I like this problem because a) it’s cool, and b) it shows that you shouldn’t always give up on an approach that seems promising at the first sign of trouble. Sometimes you just need make a few tiny adjustments to find yourself at the answer.

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I’m a dirty liar

I hate to admit it, but it’s true. Why? Because I misleadingly stated that this blog contained math and shit, but so far it’s only shit. I am truly sorry.

Starting today, however, I’m going to try and make an honest man of myself. Every day (hopefully, but not likely), I’ll try to solve at least three interesting problems, and post my solutions on here. Most of these problems will have solutions that you can just look up, so in order to make myself marginally useful, I will include not only my solutions but also how I came by these solutions. I personally find this much more informative and helpful than reading a beautiful, elegant solution which appears to be conjured out of nowhere and which I never would have known how to come by on my own. Posting will also hopefully give me a better way to keep track of my progress, and maybe motivate me to actually keep working. Anyway, we’ll start off simple. I’m going to go through these “easy problems” first.

2014-A1. Prove that every nonzero coefficient of the Taylor series of (1-x+x^2)e^x about x = 0 is a rational number whose numerator (in lowest terms) is either 1 or a prime number.

It’s going to be hard to make any progress on this without knowing the Taylor series in question, so we should get that sorted out first. I’m not sure how much rigor the Putnam requires, but regardless I’m not going to prove that the Taylor series of the product is the product of the individual Taylor series. It’s not very hard and it’s more trouble to write out than it’s worth. Anyway, we compute the product:

(1-x+x^2)e^x = (1-x+x^2)\sum_{n=0}^\infty \frac{x^n}{n!} = \sum_{n=0}^\infty \frac{x^n-x^{n+1}+x^{n+2}}{n!}

We want to simplify things a little bit, so we group like terms. The x^n term is going to involve (n-2)! so we will have to separate the constant and linear terms. We get

= 1 + \sum_{n=2}^\infty \left(\frac{1}{n!}-\frac{1}{(n-1)!}+\frac{1}{(n-2)!}\right)x^n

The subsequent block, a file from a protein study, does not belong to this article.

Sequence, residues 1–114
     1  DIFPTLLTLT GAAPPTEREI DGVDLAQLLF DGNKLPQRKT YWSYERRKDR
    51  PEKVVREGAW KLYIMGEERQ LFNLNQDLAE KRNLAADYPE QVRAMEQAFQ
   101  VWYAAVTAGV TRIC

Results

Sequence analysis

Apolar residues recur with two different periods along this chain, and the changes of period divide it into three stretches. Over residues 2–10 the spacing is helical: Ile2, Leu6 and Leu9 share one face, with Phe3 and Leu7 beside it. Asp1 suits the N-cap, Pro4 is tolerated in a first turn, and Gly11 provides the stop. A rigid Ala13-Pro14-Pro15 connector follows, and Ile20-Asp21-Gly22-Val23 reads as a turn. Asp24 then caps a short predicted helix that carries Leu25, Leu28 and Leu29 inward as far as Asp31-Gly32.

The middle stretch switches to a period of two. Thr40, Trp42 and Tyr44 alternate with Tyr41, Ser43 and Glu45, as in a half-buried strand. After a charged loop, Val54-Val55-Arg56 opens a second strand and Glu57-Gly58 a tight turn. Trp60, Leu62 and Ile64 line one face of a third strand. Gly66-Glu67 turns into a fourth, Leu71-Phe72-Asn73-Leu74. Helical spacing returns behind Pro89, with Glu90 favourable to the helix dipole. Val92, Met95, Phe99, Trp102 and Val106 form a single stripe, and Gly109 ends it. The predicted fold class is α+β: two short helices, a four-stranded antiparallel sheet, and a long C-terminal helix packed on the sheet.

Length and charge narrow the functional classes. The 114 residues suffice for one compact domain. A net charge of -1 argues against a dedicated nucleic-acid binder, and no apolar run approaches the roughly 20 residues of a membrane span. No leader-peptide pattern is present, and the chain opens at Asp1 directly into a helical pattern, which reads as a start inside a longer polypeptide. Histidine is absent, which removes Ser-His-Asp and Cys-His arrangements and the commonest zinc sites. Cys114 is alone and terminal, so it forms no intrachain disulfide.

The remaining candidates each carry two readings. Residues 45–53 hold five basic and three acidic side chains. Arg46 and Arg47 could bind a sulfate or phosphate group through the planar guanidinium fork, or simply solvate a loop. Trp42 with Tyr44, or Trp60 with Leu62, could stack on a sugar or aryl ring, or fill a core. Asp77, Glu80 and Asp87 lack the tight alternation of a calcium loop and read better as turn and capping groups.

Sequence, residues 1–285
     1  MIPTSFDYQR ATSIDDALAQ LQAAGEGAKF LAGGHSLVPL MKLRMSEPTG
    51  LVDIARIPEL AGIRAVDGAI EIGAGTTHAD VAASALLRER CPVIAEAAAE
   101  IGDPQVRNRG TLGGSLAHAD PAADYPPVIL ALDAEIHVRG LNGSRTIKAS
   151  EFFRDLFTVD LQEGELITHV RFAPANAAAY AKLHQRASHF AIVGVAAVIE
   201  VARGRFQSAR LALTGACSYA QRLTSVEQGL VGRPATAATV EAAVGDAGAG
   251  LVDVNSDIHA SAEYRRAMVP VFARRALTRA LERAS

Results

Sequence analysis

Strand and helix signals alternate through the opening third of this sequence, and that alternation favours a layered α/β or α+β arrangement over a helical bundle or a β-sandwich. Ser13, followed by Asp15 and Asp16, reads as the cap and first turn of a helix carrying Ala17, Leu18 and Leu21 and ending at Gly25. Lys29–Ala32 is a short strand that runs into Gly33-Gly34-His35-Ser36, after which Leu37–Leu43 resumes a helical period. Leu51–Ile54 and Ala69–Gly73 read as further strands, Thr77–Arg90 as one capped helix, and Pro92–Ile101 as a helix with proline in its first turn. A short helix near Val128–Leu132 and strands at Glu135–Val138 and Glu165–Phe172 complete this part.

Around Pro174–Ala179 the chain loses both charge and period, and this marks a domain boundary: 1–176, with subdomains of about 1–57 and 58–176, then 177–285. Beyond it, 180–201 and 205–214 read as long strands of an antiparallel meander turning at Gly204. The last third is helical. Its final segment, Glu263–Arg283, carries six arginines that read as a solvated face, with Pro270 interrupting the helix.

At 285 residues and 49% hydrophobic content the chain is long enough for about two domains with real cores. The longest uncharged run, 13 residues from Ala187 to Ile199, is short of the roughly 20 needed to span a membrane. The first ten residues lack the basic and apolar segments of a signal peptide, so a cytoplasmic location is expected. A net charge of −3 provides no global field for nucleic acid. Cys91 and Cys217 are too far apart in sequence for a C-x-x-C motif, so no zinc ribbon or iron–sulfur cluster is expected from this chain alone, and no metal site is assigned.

Putting these three fractions over a common denominator, we see that the nth coefficient is

\frac{1-2n+n^2}{n!} = \frac{(n-1)^2}{n!} = \frac{n-1}{n(n-2)!}

for n > 2. (The coefficients of the constant and linear terms both meet the conditions so we don’t need to worry about them.)

At this point, I got a little caught up. We’re trying to prove something for all positive integers, and we have a formula to work with, so my first thought was to try induction. I monkeyed around for the bit:

Induction disaster

Yikes.

Maybe someone else can drag something useful out of this, but I can’t. So I abandoned this approach and started looking for another angle.

We want our numerator to be a prime or 1, so we should try to take advantage of the fact that the factorial in the denominator should cancel most of the factors in the numerator. We’ll proceed by casework.

1. n-1 is prime. There’s nothing to cancel it in the denominator, but we’re done anyway.

2. n-1 is composite. This actually breaks down into two sub-cases:

  • If n-1=pq, where p and q are distinct integers both greater than 1, then they will both be found in the product (n-2)!, and so the numerator will be 1 when reduced to lowest terms.
  • n-1=p^2 for some prime p. This is the only case where a composite number can’t be written as above. We’re okay in this case too, though, because one of the p factors will be canceled by (n-2)! and our numerator is prime.

This concludes the proof. Not a very hard problem, but for me it was a good exercise in knowing when to give up on an approach and try something new.